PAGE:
My father had an assortment of things wrong with him, including mixed dementia. I don't know if it is true of everyone, but he knew that he was going to die about 2 months before he did. I guess that he felt the changes in his body and knew the time was near. Your mother may also sense that her time is drawing near. Hospice will help you know what is going on. I like that they are not afraid of relieving pain, because the cancers may begin to create much discomfort. You were so wise to get them on board to help. They will make things so much easier.

If there comes a time to talk about things I am sure that you will feel it. Those times are like someone opened a door to saying something. Talking will fit and will be kind. Those are golden moments. Many times we have to follow our instincts about what is good or bad. I know the months ahead are going to be difficult. Glad you have family and hospice with you.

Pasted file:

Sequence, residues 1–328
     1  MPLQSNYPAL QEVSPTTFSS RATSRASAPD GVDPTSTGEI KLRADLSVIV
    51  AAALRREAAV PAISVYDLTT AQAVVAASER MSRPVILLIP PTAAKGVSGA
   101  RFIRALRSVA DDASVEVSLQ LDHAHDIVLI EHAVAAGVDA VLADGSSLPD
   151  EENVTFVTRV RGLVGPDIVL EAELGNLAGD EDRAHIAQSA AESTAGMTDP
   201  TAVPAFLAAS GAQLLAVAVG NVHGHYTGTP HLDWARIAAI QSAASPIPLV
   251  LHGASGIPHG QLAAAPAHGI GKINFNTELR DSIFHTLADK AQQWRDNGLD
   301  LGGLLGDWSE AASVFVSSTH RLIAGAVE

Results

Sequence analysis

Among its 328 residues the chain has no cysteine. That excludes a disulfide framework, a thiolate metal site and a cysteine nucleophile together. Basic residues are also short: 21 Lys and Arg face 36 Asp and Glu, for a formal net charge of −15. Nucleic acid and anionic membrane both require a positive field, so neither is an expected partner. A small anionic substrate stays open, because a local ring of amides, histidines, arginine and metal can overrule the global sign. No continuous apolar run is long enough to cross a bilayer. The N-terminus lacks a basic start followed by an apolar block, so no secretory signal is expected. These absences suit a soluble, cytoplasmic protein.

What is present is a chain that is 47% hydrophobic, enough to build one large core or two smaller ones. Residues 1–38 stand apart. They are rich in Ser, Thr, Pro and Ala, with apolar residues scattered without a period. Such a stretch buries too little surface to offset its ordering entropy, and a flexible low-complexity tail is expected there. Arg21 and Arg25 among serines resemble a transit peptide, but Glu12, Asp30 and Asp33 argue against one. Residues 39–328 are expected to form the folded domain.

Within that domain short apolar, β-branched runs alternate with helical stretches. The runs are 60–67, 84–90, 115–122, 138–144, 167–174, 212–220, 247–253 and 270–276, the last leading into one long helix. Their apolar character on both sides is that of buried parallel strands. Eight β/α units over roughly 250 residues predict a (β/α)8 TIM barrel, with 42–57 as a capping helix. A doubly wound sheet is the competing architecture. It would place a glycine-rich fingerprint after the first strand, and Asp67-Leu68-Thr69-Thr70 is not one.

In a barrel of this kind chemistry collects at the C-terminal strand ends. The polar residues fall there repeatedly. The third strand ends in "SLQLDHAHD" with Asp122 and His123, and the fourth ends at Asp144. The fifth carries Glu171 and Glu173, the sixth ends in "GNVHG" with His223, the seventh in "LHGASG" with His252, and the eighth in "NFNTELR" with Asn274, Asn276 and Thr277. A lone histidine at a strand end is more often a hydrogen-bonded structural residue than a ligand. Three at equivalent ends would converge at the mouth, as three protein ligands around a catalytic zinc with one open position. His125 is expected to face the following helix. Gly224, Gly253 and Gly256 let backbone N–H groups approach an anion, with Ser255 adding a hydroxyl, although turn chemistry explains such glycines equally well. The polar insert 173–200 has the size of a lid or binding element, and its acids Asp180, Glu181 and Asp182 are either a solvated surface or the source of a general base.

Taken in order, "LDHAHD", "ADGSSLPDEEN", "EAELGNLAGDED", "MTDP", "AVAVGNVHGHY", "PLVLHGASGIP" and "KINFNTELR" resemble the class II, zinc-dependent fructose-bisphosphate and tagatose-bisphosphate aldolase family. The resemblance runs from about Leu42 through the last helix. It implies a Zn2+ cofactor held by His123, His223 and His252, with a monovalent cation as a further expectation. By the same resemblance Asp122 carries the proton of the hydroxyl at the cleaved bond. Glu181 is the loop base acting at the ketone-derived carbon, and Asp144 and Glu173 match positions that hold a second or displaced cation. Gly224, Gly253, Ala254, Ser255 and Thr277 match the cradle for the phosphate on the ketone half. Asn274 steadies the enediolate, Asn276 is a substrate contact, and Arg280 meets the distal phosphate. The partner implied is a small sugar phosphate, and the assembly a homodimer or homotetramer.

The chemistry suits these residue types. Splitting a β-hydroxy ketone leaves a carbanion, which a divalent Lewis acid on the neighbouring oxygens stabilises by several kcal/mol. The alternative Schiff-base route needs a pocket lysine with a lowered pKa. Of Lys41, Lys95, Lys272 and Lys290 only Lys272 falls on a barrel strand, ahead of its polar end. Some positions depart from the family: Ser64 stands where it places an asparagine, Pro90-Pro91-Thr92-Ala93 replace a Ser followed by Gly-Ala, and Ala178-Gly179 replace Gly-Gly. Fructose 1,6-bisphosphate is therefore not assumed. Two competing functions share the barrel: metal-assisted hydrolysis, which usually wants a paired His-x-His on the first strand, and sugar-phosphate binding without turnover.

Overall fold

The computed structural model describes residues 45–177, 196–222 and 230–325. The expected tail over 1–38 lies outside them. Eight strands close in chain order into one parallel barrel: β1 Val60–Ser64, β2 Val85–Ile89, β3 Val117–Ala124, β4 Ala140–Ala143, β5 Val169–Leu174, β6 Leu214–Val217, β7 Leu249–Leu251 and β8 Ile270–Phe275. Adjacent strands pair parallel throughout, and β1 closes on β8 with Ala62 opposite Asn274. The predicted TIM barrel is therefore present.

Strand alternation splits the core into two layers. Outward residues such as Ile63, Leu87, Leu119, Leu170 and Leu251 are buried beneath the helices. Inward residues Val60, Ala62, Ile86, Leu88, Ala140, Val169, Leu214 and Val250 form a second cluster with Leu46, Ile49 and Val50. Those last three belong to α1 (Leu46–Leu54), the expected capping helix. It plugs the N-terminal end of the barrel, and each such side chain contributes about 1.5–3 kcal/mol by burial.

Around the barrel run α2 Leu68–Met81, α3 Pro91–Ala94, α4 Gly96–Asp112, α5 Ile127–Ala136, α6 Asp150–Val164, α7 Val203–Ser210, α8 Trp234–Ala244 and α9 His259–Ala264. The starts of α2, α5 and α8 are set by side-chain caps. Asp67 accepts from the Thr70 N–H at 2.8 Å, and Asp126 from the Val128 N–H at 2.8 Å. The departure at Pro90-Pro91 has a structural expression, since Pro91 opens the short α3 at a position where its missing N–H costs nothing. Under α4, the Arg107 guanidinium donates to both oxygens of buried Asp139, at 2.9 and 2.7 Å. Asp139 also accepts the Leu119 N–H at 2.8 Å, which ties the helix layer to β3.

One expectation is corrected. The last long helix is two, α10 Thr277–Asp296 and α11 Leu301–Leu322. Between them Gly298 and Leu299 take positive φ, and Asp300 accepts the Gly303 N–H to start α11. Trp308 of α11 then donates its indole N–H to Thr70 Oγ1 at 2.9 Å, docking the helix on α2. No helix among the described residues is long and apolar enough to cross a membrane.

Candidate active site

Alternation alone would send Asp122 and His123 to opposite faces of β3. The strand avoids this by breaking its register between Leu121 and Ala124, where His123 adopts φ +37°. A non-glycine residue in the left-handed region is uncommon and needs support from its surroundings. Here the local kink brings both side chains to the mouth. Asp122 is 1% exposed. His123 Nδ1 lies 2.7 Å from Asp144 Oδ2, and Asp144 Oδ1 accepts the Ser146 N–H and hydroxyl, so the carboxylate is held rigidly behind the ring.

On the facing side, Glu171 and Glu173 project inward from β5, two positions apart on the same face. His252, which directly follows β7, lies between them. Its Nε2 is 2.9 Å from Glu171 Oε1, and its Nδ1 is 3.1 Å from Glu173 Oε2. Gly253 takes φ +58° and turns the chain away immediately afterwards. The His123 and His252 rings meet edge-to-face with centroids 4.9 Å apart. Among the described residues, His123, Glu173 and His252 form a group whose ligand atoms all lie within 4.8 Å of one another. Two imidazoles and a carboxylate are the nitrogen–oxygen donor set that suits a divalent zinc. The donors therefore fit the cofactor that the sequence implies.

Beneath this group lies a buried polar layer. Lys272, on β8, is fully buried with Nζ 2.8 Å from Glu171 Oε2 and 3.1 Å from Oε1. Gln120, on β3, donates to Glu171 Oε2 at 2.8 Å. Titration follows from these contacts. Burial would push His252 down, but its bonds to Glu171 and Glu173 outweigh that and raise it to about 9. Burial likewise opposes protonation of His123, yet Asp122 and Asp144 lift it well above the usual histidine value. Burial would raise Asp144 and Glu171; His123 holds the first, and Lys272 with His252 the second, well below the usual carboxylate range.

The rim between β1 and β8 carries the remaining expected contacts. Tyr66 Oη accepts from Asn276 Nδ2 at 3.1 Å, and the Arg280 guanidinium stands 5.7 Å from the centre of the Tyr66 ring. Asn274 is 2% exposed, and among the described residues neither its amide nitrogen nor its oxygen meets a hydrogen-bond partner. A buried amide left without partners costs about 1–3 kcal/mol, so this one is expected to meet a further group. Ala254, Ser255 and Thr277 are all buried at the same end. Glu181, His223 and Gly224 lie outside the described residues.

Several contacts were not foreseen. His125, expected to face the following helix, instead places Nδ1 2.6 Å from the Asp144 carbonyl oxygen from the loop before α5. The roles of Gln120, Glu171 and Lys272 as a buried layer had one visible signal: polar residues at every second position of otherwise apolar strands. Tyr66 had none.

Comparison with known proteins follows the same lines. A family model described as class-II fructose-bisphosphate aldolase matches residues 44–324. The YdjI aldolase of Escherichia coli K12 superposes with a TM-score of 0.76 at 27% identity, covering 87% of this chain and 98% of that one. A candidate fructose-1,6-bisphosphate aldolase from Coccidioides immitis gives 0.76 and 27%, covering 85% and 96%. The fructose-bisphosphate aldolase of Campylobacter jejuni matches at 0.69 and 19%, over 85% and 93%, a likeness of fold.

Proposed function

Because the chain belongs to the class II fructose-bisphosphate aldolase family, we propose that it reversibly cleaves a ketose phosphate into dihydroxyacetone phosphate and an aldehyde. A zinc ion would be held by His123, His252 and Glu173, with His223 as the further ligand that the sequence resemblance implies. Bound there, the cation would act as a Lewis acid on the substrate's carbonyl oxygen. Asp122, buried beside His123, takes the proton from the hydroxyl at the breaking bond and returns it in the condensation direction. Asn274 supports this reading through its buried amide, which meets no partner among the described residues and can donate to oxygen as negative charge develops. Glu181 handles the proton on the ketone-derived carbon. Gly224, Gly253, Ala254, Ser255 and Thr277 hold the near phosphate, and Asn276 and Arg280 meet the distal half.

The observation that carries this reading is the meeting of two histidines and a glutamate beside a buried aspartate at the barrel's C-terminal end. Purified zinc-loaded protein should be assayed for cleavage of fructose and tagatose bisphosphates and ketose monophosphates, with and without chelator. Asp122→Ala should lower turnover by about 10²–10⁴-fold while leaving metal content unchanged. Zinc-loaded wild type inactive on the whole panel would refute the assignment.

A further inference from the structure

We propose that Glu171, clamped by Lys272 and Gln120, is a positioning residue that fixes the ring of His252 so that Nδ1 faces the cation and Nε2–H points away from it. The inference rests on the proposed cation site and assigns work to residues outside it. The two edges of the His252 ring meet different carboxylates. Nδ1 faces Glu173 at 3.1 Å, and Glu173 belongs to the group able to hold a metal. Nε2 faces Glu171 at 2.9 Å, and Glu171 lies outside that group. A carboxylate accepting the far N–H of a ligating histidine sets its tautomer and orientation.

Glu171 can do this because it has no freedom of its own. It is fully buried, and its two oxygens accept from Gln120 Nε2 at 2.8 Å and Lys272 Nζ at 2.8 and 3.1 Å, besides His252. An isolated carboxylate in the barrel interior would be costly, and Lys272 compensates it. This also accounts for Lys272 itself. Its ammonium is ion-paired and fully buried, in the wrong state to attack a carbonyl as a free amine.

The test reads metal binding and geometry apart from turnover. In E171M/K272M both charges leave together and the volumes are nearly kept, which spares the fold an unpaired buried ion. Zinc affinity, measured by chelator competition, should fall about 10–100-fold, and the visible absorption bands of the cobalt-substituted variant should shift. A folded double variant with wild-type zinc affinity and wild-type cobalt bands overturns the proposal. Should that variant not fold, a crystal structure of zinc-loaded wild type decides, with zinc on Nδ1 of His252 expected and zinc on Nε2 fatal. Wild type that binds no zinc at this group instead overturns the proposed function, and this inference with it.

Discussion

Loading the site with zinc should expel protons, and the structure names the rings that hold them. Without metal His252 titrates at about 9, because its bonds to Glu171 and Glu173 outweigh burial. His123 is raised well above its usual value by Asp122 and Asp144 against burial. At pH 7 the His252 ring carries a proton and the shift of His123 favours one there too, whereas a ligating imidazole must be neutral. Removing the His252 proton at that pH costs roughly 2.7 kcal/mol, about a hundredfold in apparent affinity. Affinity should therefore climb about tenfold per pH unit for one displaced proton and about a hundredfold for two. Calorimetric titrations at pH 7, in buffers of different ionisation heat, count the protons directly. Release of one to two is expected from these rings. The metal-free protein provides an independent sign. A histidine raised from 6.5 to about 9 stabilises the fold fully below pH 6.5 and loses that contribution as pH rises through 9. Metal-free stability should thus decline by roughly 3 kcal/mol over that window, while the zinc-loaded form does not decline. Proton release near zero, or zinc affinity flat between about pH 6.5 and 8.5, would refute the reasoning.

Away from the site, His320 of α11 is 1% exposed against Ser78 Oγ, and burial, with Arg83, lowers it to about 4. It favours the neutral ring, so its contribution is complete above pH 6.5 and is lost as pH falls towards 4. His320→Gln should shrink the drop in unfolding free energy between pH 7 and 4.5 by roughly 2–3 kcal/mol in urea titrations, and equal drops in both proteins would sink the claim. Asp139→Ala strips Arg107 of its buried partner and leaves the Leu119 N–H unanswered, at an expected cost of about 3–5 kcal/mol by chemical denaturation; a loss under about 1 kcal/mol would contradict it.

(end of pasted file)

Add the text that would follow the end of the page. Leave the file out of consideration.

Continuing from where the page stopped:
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I have read and re-read everyone' response to my inquiry. Y'all have so much
wisdom learned from this 'trial by fire'. Thank you all for taking the time to write me and help me be able to gain so many perspectives in such a short time.
And they are all valid! Both my brothers have now said they trust my judgment. I would that I felt such confidence in myself! I really think JessieBelle said it best that I will feel when the time is right, that a door will open and talking will fit and be kind. Until then, I think I will just enjoy my time with her, answer questions as they come, not trying to 'borrow trouble from tomorrow' and giving thanks in all things. God Bless You All!